What do you think happened to the Roman Missal in use before Vatican II? It was used
    with little substantive change for 14 centuries, then scrapped almost overnight by
    Bugnini revolutionaries…banned and suppressed for fourty years, while the Church faithful
    cowered in shameful acceptance without protest (not even a whimper). But I’m not bitter.

  26. Dan W wrote: When it comes to “rye, pickles and bagels,” however, I can’t think of any reason why someone would want to buy a “Christian branded” version other than out of a desire to avoid the profits from their sale going to Jews.

    Exactly… and that IS anti-semitic. However the motivation for the products seem to be to keep Christianity in the forefront, not to keep profits from going to Jews.

    You can read the AP article here and it speaks volutmes:


  27. Mike Morrow says:

    The report states:

    “…if the line proves profitable, Godlewski will attempt to expand the product line with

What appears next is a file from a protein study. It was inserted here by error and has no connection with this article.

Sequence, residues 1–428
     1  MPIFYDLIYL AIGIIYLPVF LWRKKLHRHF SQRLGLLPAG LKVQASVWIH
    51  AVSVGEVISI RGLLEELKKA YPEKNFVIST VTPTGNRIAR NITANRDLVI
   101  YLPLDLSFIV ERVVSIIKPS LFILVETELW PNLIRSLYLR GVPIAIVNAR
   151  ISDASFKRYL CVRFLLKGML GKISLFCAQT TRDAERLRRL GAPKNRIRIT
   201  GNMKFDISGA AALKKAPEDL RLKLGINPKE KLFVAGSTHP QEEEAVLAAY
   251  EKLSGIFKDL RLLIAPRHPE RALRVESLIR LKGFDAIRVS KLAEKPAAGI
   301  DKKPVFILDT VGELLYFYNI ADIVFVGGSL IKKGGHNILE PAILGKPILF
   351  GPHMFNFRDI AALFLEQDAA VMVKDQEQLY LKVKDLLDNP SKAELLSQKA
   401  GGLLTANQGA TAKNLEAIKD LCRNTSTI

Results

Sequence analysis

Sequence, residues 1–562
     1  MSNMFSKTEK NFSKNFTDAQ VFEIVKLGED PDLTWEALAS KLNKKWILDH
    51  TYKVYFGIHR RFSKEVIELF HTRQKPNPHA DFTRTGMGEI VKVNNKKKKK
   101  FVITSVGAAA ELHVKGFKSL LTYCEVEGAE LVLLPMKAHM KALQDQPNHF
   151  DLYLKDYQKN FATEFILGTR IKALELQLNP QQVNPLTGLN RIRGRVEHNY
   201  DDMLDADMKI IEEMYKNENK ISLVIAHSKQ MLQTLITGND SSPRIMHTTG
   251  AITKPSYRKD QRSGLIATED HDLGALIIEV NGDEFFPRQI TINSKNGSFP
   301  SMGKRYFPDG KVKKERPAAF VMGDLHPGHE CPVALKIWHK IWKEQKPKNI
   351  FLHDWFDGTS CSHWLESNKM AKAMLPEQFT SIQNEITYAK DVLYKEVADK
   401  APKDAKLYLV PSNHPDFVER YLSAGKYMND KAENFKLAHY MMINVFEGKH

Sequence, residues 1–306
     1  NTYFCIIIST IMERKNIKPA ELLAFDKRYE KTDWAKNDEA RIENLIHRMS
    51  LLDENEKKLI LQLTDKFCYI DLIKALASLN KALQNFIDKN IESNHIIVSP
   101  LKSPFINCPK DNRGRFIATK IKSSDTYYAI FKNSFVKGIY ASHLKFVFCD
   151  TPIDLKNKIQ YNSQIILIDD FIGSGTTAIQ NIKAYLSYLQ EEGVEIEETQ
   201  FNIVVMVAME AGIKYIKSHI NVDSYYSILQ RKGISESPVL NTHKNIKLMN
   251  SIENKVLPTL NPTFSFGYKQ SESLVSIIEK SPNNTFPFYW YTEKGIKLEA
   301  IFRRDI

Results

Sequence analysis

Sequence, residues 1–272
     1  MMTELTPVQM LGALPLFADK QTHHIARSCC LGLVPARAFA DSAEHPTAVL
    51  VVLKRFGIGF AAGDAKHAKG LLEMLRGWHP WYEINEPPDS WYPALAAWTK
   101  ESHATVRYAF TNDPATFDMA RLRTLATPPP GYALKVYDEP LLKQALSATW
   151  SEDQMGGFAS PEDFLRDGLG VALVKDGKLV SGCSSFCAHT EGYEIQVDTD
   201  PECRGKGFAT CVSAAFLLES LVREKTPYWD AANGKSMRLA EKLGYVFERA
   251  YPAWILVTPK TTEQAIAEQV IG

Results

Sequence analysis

Christian branded rye, pickles and bagels…”

    This effort has very obvious anti-Semitic overtones. This guy is a charletan.

    By the way, kosher salt is NOT used in the kosher cooking process. It is used in the
    kosher meat “kashering” process to raise and remove the blood. Leviticus contains
    prohibition against consuming blood.

    The meat is covered with the coarse salt to draw the blood out. This must be done within a
    certain time after slaughter, and is often performed by kosher butchers. There should be
    very little remnant of the salt at the time of actual cooking.

  28. Scott RP says: